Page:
1. Next, I will follow these same steps to create a domain for the level of damage (LvlDmg); my completed dialog will look like this:
    1. You can see this domain has 5 different coded values that users can choose from.

Once you have completed all of your domains, you need to create a new point feature class within the geodatabase. Select the WGS 1984 Web Mercator (auxiliary sphere) coordinate system; because this feature class will live and work in ArcGIS Online, you want your coordinate system to match that used in the online mapping environment. Next, add fields for the information you want to collect.

Since I’m using this to assess building damage, not only do I want to collect information on the level of damage and type of building damaged (these are our created domains), I also want information on the building’s name, and it’s unique code, as well as a description of the picture, and information on who collected the point and when. My final fields look like this:

Once you’ve created your fields, you need to associate your domains with the proper attribute field. For this example I need to select BuildingType in the Field Name list. Under the Field Properties section set the following parameters:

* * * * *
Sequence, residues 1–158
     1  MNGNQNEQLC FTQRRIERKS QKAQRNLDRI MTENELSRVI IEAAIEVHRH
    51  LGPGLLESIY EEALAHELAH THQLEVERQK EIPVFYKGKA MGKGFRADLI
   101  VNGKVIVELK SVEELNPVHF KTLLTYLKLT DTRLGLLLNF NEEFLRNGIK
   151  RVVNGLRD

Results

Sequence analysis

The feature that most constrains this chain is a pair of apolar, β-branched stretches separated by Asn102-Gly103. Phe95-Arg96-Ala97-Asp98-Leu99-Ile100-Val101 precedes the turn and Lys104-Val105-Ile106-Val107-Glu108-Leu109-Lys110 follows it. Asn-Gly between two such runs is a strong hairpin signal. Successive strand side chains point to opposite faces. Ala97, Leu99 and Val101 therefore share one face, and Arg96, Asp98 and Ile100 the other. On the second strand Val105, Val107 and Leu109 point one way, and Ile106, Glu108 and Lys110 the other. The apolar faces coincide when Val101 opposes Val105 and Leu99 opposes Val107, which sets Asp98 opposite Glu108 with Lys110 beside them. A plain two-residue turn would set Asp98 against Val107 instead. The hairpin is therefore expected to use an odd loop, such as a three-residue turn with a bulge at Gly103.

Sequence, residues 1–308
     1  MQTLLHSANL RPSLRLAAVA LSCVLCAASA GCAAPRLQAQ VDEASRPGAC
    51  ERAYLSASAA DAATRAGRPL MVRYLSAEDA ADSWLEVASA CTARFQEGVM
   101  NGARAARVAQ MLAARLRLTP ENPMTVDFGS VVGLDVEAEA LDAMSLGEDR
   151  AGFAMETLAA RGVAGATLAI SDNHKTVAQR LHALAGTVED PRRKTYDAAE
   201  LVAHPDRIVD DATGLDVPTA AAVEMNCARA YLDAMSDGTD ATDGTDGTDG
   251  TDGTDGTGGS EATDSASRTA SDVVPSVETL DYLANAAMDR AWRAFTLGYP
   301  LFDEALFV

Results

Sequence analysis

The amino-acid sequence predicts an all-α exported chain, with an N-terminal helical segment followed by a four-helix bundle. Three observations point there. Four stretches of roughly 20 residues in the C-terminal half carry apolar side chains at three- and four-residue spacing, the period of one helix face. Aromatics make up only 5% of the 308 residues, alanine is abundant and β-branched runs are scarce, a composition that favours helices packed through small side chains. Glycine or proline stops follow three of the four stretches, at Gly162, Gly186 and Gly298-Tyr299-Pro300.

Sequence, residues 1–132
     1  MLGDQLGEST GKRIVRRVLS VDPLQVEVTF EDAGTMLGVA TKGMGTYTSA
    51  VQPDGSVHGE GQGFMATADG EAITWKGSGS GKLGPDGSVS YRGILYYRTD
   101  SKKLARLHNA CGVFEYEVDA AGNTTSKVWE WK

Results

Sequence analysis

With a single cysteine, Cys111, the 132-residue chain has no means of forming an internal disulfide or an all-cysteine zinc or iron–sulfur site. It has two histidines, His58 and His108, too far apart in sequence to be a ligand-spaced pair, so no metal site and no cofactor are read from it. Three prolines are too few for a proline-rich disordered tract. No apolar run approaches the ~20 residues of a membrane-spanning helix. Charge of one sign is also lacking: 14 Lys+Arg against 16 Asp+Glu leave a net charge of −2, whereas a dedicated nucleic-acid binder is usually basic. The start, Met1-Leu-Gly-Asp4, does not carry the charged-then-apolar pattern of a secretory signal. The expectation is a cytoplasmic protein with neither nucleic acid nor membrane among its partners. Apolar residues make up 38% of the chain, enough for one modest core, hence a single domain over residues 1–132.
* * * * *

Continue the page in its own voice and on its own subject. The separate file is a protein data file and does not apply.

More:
• Alias = BuildingType
  • Allow NULL values = No (this will ensure this field is always populated with information)
  • Domain = BuildingType (you can select this from a pick list)

Repeat this step for the attribute field “LvlDmg”, or whatever other fields you created a domain for.

Note: Collector can also be used to draw a shape; to learn more, visit Esri’s help pages for Collector.

Next, I need to enable attachments so that my users can collect georeferenced photos while conducting their damage assessment. To do this, right click on your point feature class and select Manage > Create Attachments; this will create two new items in your geodatabase – a table and a relationship class.


 

Now that your feature class is all set up, you can create a symbology for it. When you share your features with ArcGIS Online, this symbology will be applied to all features collected. Drag your features into your ArcMap window and open the dataset properties dialog box. Select the Symbology tab, and then choose to show feature by category.

I decided to choose the LvlDmg as my Value Field; I added all values and then updated each value label to match the value. I then changed the symbology for all values to a house, and modified the color of each to indicate level of damage (e.g. destroyed = red, no damage = green).